Kaesong Industrial Region

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Kaesong Industrial Region

Map of North Korea highlighting the region.
Korean name
Chosŏn'gŭl 개성 공업 지구
McCune–Reischauer Kaesŏng Kongŏp Chigu
Revised Romanization Gaeseong Gongeop Jigu
Short name
Chosŏn'gŭl 개성
McCune–Reischauer Kaesŏng
Revised Romanization Gaeseong
Area 66 km2 (25.5 sq mi)
Government Industrial Region
Dialect Seoul
Split from Kaesŏng Directly Governed City in 2002.

Kaesŏng Industrial Region is a special administrative industrial region of North Korea. It was formed in 2002 from part of Kaesŏng Directly Governed City.

Kaesŏng Industrial Park

Kaesŏng Industrial Park is being operated in the region, as a collaborative economic development with South Korea. It is located ten kilometres (six miles) north of the Korean Demilitarized Zone with direct road and rail access to South Korea and an hour's drive from Seoul. Construction started in June 2003, and in August 2003 North and South Korea ratified four tax and accountancy agreements to support investment. Pilot phase construction was completed in June 2004, and the industrial park opened in December 2004. [1]

Initial phase

In the park’s initial phase, 15 South Korean companies constructed manufacturing facilities. Three of the companies had started operations by March 2005. First phase plans envisaged participation by 250 South Korean companies from 2006, employing 100,000 people by 2007. The park was expected to be complete in 2012, covering 25 square miles (65 km2) employing 700,000 people. As of June 2010, 110 factories were employing approximately 42,000 DPRK workers and 800 ROK staff.[2] Companies operating or under construction in the complex are seeking to hire an additional 26,000 North Korean workers. Construction of dormitories and other infrastructure for the additional workers is on hold as the Lee Myung-bak administration has prioritized movement on North Korean nuclear issues. Electrical power and telephone service is supplied from South Korea; 15MW of power is being supplied in 2005, with plans for a 100MW supply by 2007.


The Kaesŏng industrial park is run by a South Korean committee that has a fifty-year lease which began in 2004. Hyundai Asan, a division of South Korean conglomerate Hyundai has been hired by Pyongyang to develop the land.[3] The firms are taking advantage of cheap labour available in the North to compete with China to create low-end goods such as shoes, clothes, and watches. Workers earn an average of $57 per month—half of Chinese labour costs and less than 5 percent the salaries of their South Korean counterparts.[3]


Park Suhk Sam, senior economist at the Bank of Korea, figures the industrial zone could create 725,000 jobs and generate $500 million in annual wage income for the North Korean economy by 2012. Five years later, another $1.78 billion would tumble in from annual corporate taxes levied on South Korean companies participating in the industrial project.[4]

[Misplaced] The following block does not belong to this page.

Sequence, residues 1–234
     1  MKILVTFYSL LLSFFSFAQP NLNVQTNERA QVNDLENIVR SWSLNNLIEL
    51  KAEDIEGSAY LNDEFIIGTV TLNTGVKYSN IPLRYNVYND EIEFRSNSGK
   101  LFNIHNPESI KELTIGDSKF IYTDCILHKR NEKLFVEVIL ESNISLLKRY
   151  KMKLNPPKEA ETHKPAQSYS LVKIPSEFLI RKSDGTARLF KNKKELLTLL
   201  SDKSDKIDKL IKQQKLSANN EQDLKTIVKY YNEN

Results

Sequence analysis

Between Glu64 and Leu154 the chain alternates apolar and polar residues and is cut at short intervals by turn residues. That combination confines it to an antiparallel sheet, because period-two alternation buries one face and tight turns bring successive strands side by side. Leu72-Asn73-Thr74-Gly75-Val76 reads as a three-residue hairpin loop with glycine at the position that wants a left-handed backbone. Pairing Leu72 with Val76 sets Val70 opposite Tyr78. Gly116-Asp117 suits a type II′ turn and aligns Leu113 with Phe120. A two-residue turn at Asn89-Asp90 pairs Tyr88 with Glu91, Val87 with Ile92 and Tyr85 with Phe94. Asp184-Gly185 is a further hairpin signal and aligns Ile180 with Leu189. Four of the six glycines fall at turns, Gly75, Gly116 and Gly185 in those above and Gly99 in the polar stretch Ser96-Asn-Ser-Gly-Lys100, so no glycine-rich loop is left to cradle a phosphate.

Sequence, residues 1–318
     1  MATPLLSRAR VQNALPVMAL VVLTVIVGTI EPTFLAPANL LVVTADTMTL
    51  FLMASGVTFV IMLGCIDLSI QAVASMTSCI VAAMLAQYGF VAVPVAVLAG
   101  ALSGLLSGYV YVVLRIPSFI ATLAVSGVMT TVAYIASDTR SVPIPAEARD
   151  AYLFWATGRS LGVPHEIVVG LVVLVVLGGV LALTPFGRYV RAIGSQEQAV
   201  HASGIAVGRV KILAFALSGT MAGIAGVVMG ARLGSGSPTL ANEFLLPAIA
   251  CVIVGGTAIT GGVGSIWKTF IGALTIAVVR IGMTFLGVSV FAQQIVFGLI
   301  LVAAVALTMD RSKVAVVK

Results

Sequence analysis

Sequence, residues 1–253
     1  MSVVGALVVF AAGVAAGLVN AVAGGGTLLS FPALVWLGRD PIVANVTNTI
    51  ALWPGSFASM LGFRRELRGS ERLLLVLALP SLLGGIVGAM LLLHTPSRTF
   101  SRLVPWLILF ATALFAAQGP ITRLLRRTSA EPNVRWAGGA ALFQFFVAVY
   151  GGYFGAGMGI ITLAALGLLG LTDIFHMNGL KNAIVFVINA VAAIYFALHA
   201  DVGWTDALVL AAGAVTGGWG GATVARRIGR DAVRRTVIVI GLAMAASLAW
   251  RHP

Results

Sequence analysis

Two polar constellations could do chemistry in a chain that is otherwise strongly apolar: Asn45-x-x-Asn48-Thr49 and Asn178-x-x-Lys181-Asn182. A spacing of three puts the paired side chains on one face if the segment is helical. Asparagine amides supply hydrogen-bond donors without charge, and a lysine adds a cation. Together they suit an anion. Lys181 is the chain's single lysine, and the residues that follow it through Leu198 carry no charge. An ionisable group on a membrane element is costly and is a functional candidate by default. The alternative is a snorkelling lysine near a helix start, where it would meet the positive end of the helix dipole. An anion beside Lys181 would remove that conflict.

The industrial park is seen as a way for South Korean companies to employ cheap labour that is educated, skilled and speaks Korean which would make communication considerably easier. However the zone still faces a number of obstacles. Among the most pressing are U.S. economic sanctions against the North, prohibiting imports of key technologies and goods, such as computers.[3] More than 1000 South Korean firms are rethinking planned shifts of production from China and Southeast Asia to Kaesong.

Wage and rent agreements

In May 2009 Pyongyang announced it had unilaterally scrapped wage and rent agreements at the estate. In June they also demanded new salaries of $300 a month for its 40,000 workers, compared with around $75 currently. [5] Several months later, a visit to North Korea by the Hyundai Group chairwoman led to a resolution to the North's demands, with mild wage increases and no change in land rents.[6]

ROKS Cheonan incident

In May 2010, due to the ROKS Cheonan sinking incident and South Korea's response, North Korea severed ties with South Korea and shut down the Consultative Office in the zone,[7] however existing activities in the zone maintained production activities,[8] and transport and telephones to South Korea are operating normally.[9]


Kaesong Industrial Region is served by Panmun Station which is on the Pyongbu Line. There is rail access to South Korea via the Gyeongui Line but it is not known what restrictions apply. An agreement to re-establish rail freight services between North and South Korea was made in November 2007.[10]

See also


  1. N Korean Industrial Complex Made Ready For Seoul's Investment, Northeast Asia Peace and Security Network, 2004-06-30. Retrieved 2008-01-18.
  2. S. Korean firms in Kaesong to ask for emergency funds, Yonhap, 2010-06-17. Retrieved 2010-06-19
  3. 3.0 3.1 3.2 An Oasis of Capitalism, Newsweek, 2005-09-19. Retrieved at the Internet Archive on 2008-01-19
  4. Bridging the Korean Economic Divide, Business Week, March 8, 2006. Retrieved 2008-01-19
  5. N Korea demands millions News24
  6. "N. Korea withdraws demand for steep wage hike at joint park", 11 September 2009. Retrieved on 25 August 2011. 
  7. Thatcher, Jonathan. "Text from North Korea statement", Reuters, May 25, 2010. 
  8. "Seoul Decides to Continue Kaesong Project, Humanitarian Aid", The Chosun Ilbo, 25 May 2010. Retrieved on 2010-05-25. 
  9. Kim So Yeol. "North Korea Responds to Firm South Korean Stance", The Daily NK, 26 May 2010. Retrieved on 2010-05-26. 
  10. "Two Koreas agree rail timetable", BBC News, November 16, 2007. 

External links

Coordinates: 37°56′N 126°38′E / 37.933°N 126.633°E / 37.933; 126.633

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